How to Remodel a Layton Camper

••• rocky mountains image by Melissa Schalke from Fotolia.com

Layton campers have been manufactured by the Skyline Corporation of Elkhart, Indiana, since 1959. The long history of manufacturing Layton campers means there is an abundance of used campers that can be remodeled. Layton campers usually come in compact sizes and early models had rounded ends. Today, Skyline Corporation has 25 manufacturing plants in 12 states that produce several brands of travel, fifth-wheel and park model camper trailers.

Inspection and Repair

Inspect the roof and repair leaks if needed. A leaky roof can allow rain water to get inside the travel trailer and cause serious damage. The roofs of older campers often develop leaks along the seams. These often can be repaired with peel and stick aluminum or vinyl patches with adhesive backing to adhere them into place.

Inspect and replace appliances and utility lines if needed. New trailer appliances can be expensive. A camping refrigerator, however, can be replaced by an inexpensive small home refrigerator, although it will not run on battery or gas power. Mount the refrigerator in the same space as the old one and wire it to the trailer's AC electrical system. If the camper's furnace cannot be repaired, consider using a small portable electric heater instead. AC system electrical lines, circuit breakers, faucets and water lines can be replaced with equipment for homes at a lower cost than using original trailer equipment. Plastic water lines can be used to replace older copper lines. A broken toilet, however, must be replaced with a camping toilet, which is more expensive than house toilets. Turn off the water, remove the bolts and raise the toilet from its seal. Seal the new toilet and lower it into place before connecting the bolts.

Inspect the interior wall paneling and replace if necessary. If a camper has been heavily used, the paneling can become bowed, marked or worn. If this is the case, all of the interior paneling should be replaced with standard paneling designed for homes. To remove the old paneling, pry it away from the studs and remove nails. Then cut new paneling, which usually comes in 4-foot by 8-foot sheets, to size and glue or nail it to the wall studs. It is easier to replace all of the paneling than to try to match a single piece of new paneling. When the old paneling has been removed, inspect the studs for water damage and replace them as needed.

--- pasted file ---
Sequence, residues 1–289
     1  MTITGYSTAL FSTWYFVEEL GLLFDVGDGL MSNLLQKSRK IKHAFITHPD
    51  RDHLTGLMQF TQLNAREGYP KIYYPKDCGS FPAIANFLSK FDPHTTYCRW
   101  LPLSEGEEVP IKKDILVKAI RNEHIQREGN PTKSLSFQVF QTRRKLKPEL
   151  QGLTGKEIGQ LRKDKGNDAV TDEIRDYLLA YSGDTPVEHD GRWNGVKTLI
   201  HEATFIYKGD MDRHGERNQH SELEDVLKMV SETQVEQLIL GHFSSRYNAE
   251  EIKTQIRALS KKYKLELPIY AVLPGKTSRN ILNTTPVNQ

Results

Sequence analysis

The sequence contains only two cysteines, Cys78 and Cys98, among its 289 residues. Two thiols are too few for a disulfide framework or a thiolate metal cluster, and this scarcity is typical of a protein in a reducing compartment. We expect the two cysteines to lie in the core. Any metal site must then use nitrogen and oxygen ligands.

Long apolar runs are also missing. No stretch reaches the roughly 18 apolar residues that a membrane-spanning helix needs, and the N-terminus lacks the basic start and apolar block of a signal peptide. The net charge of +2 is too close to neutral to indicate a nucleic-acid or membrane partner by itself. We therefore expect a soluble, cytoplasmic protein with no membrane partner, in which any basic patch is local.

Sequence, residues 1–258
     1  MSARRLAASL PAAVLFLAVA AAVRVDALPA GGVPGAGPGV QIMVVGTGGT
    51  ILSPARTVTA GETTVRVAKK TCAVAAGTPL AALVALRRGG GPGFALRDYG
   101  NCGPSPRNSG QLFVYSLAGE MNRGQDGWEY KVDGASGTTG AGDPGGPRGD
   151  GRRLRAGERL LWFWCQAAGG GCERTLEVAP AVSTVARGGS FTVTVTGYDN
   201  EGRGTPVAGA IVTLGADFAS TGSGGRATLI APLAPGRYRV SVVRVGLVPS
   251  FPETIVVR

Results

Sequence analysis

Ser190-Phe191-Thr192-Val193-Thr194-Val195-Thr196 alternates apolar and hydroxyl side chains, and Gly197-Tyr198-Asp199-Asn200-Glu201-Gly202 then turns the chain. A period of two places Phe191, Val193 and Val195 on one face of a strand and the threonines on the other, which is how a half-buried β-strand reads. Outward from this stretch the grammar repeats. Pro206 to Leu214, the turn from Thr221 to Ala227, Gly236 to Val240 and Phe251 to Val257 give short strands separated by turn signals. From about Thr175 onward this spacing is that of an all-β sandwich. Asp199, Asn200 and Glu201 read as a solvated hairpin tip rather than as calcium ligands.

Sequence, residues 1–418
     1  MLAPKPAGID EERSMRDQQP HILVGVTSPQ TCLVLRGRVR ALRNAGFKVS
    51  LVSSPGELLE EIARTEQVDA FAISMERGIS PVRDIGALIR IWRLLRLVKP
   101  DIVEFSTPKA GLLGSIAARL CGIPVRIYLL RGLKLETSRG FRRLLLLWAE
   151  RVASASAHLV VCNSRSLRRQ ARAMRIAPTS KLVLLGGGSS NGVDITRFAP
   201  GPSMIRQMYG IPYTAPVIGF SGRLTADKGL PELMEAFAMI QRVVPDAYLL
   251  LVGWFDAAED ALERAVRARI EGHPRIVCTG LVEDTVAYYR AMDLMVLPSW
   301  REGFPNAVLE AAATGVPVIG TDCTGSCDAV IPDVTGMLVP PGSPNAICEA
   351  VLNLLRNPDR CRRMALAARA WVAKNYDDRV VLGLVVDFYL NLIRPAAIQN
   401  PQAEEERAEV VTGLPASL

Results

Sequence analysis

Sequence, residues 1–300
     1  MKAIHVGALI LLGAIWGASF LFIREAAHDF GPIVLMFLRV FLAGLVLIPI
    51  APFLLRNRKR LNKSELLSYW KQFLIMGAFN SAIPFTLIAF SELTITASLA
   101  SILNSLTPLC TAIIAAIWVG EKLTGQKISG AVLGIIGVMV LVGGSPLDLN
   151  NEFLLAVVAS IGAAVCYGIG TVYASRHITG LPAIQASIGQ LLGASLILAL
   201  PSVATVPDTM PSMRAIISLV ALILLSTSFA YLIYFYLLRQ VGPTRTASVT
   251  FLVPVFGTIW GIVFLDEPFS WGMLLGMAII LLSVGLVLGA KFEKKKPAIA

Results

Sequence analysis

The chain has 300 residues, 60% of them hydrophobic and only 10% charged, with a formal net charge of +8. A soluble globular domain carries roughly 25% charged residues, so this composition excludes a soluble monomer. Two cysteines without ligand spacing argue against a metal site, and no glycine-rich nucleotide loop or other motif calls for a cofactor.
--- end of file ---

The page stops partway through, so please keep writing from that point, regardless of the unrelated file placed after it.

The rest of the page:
Inspect and replace carpeting or vinyl flooring. If the carpeting or vinyl flooring is damaged, pull it off the floor and replace with new carpeting or vinyl. The carpeted area usually is small in Layton campers, so a large carpet remnant often is enough for the entire trailer. Attach the carpeting to the floor with carpet tacks or tape. Damaged vinyl flooring can be replaced by adhesive-backed tile squares that are simply pressed into place.

Inspect and seal windows and replace window treatments. Seal windows with a standard house caulking gun or glue weather stripping around the windows. Broken glass can be repaired by an auto glass shop. Replace the camper's window treatments, usually day-night shades or curtains, if needed.

Inspect the dinette and cabinets and repair or replace them if necessary. Most older Layton trailers came equipped with dinette booths. If a dinette is damaged beyond repair, it can be removed completely and replaced with a small table and chairs. Cabinet doors can be replaced instead of removing entire cabinets.

Inspect and replace worn cushions and mattresses if necessary. Standard house chair and couch cushions will work. Trailer mattresses, however, often are smaller than standard home mattresses and may have a custom shape, so trailer replacement mattresses may be needed.

Replace the tires and inspect the undercarriage. The tires always should be replaced when remodeling a camper. Even if they look fine, tires could have been damaged by sun exposure. Make sure no utility lines or other equipment is loose or hanging too low under the trailer.

Refinish the trailer exterior. Sand rusted areas and fill with plastic body putty. Then apply auto spray paint, if the trailer has a painted finish. If the camper has an aluminum finish, clean the aluminum and carefully sand any rust spots before applying a clear protective coating.


  • Wear goggles when using a hammer or saw and wear a breathing mask when painting, working with body putty or exterior coatings.


  • Measure wall paneling and carpeting carefully before cutting to achieve a tight fit.


About the Author

Marv Balousek got his first newspaper writing job in 1976 and worked more than 30 years as a reporter covering business and other beats for the "Wisconsin State Journal" and other newspapers. He has a Bachelor of Arts in English from the University of Illinois.

Photo Credits

  • rocky mountains image by Melissa Schalke from Fotolia.com